Today was a tornado of a day. I didn’t get home from work until 9:30. I never do that.
My mind and my body raced all day–from project to project, from idea to idea, from need to need. I’m not only doing marketing for my hospital, but for a sister hospital who is between marketing directors. So today I was buried in projects, dealing with people I have never met, and others I have known for years. It was exhausting, but productive, and rewarding, and fulfilling. My head is still spinning.
But that may be from all the coffee. I did sneak in a Starbucks treat around 6:00 during my short break between work stints.
I didn’t really work until 9:30, I actually did homework from around 6-9:30. It just helps to do it somewhere besides my house, which is filled with temptations and distractions. One minute I’m reading some gosh-awfully boring research article on the philosophical differences between theories of semantics and pragmatics, and the next minute I’m picking the lint out of my hair dryer and dusting the top of my refrigerator. Because it really does need it, but I’m too short to notice until times like these, when I’m desperate for a distraction. Anything will do.
So now that I’m exhausted, worn out, emptied out, and drained, I am sitting here on my front porch, enjoying an unseasonable cool evening (I even broke out the pink hoodie for warmth!), sitting in silence in my favorite rocking chair that my dad so kindly gave to me last year when I was going through a particularly tough time. Dads are great like that sometimes. I know mine is.
See, look at me ramble. I have had an extremely introspective evening. I think it’s all of the theory research I have been doing. It’s so boring that my mind wanders and I find myself pondering the meaning of life instead of the Peircean theory of semiotics. You would do the same thing if you were me.
As I drove home from work tonight, with my windows rolled down and the cool night air blowing my long, disheveled pony-tail, listening to John Mayer on the radio, I thought about how life applies to the theory I’m researching. It’s the theory of semiotics, or signs. The theory says that basically every object is simply an object until we apply meaning to it. Once we do that, it becomes a sign, or a symbol, and some of those symbols can take on mythic qualities–like the yellow ribbon which symbolizes a welcome home to a soldier returning from war. Even the word love is a sign, which can have different meanings depending on your life experiences and the context. We all could debate for hours the meaning of love, but that would be a futile and already exhausted debate that leads to nowhere. And I don’t have the energy to do that tonight.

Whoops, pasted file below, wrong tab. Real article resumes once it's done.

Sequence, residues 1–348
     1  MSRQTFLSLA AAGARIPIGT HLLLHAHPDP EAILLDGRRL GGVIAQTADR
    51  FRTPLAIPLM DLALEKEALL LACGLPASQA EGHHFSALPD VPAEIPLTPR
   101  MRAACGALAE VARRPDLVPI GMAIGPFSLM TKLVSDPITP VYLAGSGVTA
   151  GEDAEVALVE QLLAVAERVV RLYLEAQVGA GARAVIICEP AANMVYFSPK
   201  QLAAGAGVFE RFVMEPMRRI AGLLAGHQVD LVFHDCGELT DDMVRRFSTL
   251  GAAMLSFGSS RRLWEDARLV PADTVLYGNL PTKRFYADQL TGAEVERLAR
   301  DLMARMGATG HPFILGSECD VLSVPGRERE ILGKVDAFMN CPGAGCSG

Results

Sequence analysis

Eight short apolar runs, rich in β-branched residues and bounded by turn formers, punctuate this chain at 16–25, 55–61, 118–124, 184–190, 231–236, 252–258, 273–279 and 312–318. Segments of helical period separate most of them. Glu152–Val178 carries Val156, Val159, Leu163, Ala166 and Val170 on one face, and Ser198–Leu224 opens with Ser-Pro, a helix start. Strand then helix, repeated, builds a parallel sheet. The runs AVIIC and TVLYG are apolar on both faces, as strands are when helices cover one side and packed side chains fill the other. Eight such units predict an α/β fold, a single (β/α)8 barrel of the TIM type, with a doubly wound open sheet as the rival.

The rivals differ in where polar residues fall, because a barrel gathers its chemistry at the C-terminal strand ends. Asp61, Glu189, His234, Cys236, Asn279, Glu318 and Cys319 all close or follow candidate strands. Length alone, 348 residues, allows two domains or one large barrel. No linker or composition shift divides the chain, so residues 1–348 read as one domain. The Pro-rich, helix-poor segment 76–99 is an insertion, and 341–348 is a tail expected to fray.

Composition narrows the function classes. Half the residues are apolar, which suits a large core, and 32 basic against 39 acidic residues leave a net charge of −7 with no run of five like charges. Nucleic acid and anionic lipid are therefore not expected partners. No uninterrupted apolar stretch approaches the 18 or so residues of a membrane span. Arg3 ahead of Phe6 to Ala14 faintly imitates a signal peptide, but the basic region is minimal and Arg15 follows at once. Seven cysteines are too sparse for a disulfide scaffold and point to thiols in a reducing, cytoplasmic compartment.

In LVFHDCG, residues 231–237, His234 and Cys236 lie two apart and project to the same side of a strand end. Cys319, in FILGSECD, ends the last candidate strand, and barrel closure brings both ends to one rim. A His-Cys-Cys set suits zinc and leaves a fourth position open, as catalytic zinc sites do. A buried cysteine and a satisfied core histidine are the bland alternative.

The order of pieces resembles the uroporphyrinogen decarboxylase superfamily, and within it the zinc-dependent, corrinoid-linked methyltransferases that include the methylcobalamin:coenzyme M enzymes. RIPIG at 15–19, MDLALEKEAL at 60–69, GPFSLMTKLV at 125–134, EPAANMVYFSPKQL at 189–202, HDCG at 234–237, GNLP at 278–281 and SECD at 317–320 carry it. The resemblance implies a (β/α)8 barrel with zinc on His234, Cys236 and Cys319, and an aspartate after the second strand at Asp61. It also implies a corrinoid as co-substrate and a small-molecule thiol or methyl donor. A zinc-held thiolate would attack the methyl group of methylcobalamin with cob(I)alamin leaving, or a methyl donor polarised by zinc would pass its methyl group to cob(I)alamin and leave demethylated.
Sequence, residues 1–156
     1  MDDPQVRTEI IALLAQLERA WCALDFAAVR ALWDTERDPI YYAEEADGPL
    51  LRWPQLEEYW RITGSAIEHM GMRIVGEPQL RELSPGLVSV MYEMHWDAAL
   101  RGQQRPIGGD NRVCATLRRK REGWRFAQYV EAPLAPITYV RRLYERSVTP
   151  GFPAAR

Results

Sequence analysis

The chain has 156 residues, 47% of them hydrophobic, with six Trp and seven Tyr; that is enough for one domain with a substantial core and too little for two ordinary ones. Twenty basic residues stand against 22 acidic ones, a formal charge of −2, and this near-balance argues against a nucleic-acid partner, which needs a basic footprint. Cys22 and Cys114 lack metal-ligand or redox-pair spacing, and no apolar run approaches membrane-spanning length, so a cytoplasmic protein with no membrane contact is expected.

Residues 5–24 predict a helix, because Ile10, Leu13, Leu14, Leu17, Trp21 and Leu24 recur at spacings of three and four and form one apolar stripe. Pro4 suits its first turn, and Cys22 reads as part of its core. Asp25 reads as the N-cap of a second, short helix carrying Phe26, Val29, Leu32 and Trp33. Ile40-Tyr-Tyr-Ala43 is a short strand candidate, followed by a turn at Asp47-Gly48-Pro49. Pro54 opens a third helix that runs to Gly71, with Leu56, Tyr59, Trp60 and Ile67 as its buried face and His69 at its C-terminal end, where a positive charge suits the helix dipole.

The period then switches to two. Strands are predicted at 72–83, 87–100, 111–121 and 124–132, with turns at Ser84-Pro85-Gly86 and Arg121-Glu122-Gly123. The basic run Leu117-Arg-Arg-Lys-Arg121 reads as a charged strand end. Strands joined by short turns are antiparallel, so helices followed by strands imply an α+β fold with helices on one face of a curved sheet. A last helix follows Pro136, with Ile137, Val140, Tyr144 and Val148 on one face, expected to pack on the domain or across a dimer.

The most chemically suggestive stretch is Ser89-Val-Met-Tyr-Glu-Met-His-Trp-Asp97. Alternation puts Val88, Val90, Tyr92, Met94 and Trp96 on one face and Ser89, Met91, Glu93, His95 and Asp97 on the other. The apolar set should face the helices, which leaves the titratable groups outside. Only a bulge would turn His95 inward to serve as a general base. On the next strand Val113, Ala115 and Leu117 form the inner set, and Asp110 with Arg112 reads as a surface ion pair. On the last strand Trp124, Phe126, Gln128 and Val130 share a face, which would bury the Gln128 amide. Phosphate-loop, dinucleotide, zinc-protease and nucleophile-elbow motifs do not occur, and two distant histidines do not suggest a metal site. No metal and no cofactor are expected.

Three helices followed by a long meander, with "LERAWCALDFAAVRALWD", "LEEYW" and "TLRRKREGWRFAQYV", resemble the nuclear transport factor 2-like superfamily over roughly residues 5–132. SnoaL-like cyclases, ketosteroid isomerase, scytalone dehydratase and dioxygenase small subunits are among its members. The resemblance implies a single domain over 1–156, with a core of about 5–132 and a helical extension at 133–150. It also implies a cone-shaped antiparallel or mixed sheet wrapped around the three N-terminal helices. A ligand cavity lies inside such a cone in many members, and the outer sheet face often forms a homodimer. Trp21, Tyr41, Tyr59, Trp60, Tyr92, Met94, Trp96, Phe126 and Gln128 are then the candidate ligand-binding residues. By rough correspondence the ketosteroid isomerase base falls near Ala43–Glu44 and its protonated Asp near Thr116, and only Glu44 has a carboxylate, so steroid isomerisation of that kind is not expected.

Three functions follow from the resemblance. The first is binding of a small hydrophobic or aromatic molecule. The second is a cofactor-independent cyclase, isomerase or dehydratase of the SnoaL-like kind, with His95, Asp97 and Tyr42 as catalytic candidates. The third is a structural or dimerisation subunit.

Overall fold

So back to sign theory… all of that reading has me thinking about signs in my life. I love my new blue jeans (that I got on sale for just $10… woo hoo!) because they make me feel cute and perky (and the pockets mask the derriere quite well!). They represent my fun, casual side. My delicate gold necklace is a sign that reminds me of my dad, who so sweetly bought it for me at one of his Harley-Davidson rallies (how fun that my dad goes to motorcycle rallies, and even better… that he buys his girls jewelry at them!). My running shoes represent the diligence I’m having to practice to get ready for my half marathon. Those shoes represent a lot of sweat, and soreness, and lost sleep. The flowers in my garden represent my great gardening experiment–can I make it as a successful homeowner or am I sham that doesn’t know the difference between a gardening tool and a hair pick? My front porch rocking chairs represent my independence, my dad’s sweet gesture of love, and my need to experience occasional quiet amidst all of the turmoil that makes up my life.
But what about my God? Oh yes, he is the great inventor of signs. He’s been creating them long before Peirce ever thought of them. From the rainbow, which represents his promise of never destroying his earth again, to (gasp) circumcision (can you say that in a blog?) that marked his chosen people as different from the crowd. Whenever Abraham heard from God, he built an alter to signify the encounter.
One of my favorite signs comes from Joshua, when he led the Israelites into the promised land. First he had to cross the Jordan, and God miraculously parted the water so the people could cross to dry land. And remember, these folks had been wandering in the desert, desperate to finally attain this far-away land that God had promised them but which had seemed so unreachable. So let’s just say that this was kind of a big deal. And something that’s a big deal definitely deserves a sign.
So Joshua called together the twelve men he had appointed from the Israelites, one from each tribe, and said to them, “Go over before the ark of the Lord your God into the middle of the Jordan. Each of you is to take up a stone on his shoulder, according to the number of the tribes of the Israelites, to serve as a sign among you. In the future, when your children ask you, “What do these stones mean?” tell them that the flow of the Jordan was cut off before the ark of the covenant of the Lord. When it crossed the Jordan, the waters of the Jordan were cut off. These stones are to be a memorial to the people of Israel forever. –Joshua 4:4-7
And it’s funny. I’m an avid scribbler in my Bible. If you flip through it, you can quickly see which books are my favorite, and which I have taught in Sunday School, because the words are almost unreadable. I have made notes, on top of notes, and as I flip back through my Bible, these words are signs to me… reminders of things I have learned in the past, of troubles I dealt with, pain I felt, grace I encountered, and relief I experienced as I grew with the Word. These are my signs, pointing me toward a better relationship with Christ. Pointing me toward my promised land.